For two years, she deferred her admission as she did not get any financial aid. She saved some money and, with a bit of aid, finally took the plunge in 2011. Foreign students in her college face an education loan cap of $30,000 ($15,000 a year), she says, making things even more difficult Mandal started looking for a job when she graduated in May 2013. But mandates that fitted her needs and aspirations were not easy to come by. She did land a contract with the World Bank but that was short term, uncertain and had no medical cover. Last month Mandal finally landed a job with an investment bank.
Despite such struggles, there are many reasons why the pursuit of overseas education among young Indians is unlikely to die down any time soon.
The Demographic Bulge
Every year, around 800,000 Indian students reportedly go overseas for their education. This costs the country close to $15 billion of forex annually, estimates industry lobby Assocham. If students are going overseas for education, it's because India has a problem of both capacity and quality. The country has one of the world's largest education infrastructures: 600 universities and 34,000 colleges with 17 million students enrolled and 5 million students graduating every year. But India is also witnessing a demographic bulge — it has perhaps the world's largest young population. Experts estimate that some 100-million-odd students will seek higher education over the next decade.
据报道,每年大约有800000名印度学生出国留学,，据印度工商业联合会估计这将耗费每年近150亿美元的外汇。学生们出国留学是因为印度不管是在教育容量还是教育质量上都有问题。印度的教育基础设施是世界上最大的教育设施之一，600所大学和34,000学院每年接受1700多万新生并输出500多万毕业生，但是我们也正见证着印度人口的爆炸性增长，印度或许有着世界上最庞大的年轻人群，专家估计在未来十年里，将有一亿多的学生寻求更高的教育。The capacity problem is compounded by the quality issue. About 70% of the capacity in India is of poor standards. At the other end of the spectrum, competitive intensity at the premier colleges is so stiff that it is often easier for bright students to get admission in Ivy League colleges in the US and the UK than in the IITs, IIMs and even top colleges in Delhi University.
All this coincides with the rise of India's aspirational upper middle class. Over the past two decades, many first-generation Indians have risen up the corporate hierarchy and are financially well-off. These welltravelled, financially stable corporate executives desire the best for their children. "They are looking for the best educational experience. They know it is a life-long asset. Indian premier colleges do not have the capacity and are very rigid," says TV Mohandas Pai, chairman, Manipal Global Education. Pai's son studied at Stanford University in the US and now works for a start-up in Silicon Valley.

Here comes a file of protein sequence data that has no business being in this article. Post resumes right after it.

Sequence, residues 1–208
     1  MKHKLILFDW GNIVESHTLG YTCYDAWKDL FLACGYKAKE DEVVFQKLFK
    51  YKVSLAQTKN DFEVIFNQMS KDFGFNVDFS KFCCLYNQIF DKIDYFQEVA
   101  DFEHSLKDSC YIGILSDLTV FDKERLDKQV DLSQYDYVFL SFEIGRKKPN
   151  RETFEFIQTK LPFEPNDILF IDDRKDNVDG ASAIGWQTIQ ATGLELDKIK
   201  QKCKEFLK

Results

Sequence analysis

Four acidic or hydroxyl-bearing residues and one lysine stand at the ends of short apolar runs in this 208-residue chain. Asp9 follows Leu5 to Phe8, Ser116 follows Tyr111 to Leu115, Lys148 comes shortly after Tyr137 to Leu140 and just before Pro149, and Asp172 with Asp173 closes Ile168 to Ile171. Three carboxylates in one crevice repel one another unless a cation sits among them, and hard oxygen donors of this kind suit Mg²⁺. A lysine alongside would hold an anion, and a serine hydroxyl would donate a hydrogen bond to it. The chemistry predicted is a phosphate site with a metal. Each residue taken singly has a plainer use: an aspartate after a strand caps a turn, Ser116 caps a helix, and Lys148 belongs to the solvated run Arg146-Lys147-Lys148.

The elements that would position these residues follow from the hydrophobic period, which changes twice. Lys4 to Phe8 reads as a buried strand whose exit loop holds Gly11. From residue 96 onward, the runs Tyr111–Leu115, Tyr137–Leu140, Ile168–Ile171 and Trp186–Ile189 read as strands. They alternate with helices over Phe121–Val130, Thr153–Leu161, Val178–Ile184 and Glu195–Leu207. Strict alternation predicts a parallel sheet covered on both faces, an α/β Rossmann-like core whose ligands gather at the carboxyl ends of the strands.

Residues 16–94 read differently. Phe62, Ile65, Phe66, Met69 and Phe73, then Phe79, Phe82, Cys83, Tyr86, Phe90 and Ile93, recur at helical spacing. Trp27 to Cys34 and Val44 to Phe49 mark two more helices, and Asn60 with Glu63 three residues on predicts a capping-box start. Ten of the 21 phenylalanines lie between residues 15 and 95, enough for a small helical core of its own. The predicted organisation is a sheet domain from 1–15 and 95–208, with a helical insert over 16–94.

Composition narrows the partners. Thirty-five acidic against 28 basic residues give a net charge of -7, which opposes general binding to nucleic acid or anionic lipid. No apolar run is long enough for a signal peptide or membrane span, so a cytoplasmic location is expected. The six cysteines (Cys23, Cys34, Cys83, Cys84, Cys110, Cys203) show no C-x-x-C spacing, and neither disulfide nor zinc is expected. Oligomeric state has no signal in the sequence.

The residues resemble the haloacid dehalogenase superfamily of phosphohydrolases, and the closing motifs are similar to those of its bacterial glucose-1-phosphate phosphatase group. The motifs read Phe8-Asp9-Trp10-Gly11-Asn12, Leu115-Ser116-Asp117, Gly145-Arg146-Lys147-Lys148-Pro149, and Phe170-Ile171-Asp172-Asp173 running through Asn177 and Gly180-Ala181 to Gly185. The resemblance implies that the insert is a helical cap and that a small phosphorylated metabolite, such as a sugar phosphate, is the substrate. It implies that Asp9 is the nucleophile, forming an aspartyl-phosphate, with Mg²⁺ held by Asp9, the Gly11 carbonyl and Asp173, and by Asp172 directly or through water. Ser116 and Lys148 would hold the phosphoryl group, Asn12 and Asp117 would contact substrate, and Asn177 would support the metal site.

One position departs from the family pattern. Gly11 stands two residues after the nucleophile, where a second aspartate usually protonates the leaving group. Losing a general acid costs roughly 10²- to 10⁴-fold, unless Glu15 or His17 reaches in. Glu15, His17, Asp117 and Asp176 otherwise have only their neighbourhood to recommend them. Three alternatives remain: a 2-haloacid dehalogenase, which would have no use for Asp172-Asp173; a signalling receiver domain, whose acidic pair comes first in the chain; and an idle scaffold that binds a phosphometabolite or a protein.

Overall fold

这些现象与印度上层中产阶级不断上涨的雄心壮志密切相关。在过去的二十几年里，许多第一代移民创立了自己的事业，相当富裕。这些经济稳定，见多识广的公司高管希望把最好的东西给予他们的子女。Manipal全球教育主席 Mohandas Pai说他们在为孩子寻找一流的教育，这是孩子一生的财富，印度的一流大学不能给予这些而且这些大学要求过于死板。他的孩子曾在美国斯坦福大学学习，现在在硅谷工作。
This aligns well with the global trend of rising international mobility of students. According to Institute of International Education (IIE), since 2000, the number of students leaving home in pursuit of higher education has increased by 65%, totalling about 4.3 million students globally. What is more interesting is that the share of students from the developing countries in this pie is rising — it moved up from 54.8% to 69% between 1999 and 2009.
India vs China
Not surprisingly, the world's two most populous and powerful emerging countries — China and India — send the largest number of students overseas. But China has rapidly shifted gears to overtake India.
Consider what's taking place in the US. In 2000-01, India topped the list of international students by country, with 66,836 against China's 63,211. But by 2009-10 China had overtaken India. In 2012-13, China sent 236,000 students; India was nudging the 97,000 mark. While the number of Chinese students has been growing in double digits of late, that of Indian students has been sliding. To understand why that is happening, it is important to analyze the profile of students going overseas from both the countries. 2000-2001年，美国的外国留学生中印度学生是最多的，66836人，而中国学生为63211人。但是在2009-2010年时，中国超越了印度。2012-2013年，中国向美国派遣的留学生
Chinese students going to the US are evenly split between undergraduate (40%) and postgraduate programmes (44%). But Indian students are heavily skewed towards postgraduate programmes (55%) with just 13% at the undergraduate level. Indian students are also unique as over 60% are in the STEM (science, technology, engineering, maths) category. Bear in mind that historically, postgraduate and STEM programmes offer more financial support than undergraduate and non-STEM programmes.
"The decline in Indian students is directly related to the 'Strivers' , who have been putting their plans on hold due to increasing cost of studying abroad which in turn was triggered by economic uncertainty and currency devaluation," says Choudaha.
A majority of Indian students arrives at the Master's level and funds education by taking loans as financial aid from colleges has dried up. So, while the majority of Indian students go for education loans, Chinese students are supported by their families. According to a research by WES, 47% of Indian respondents report loans as one of the primary sources of funding as compared with only 3% of Chinese.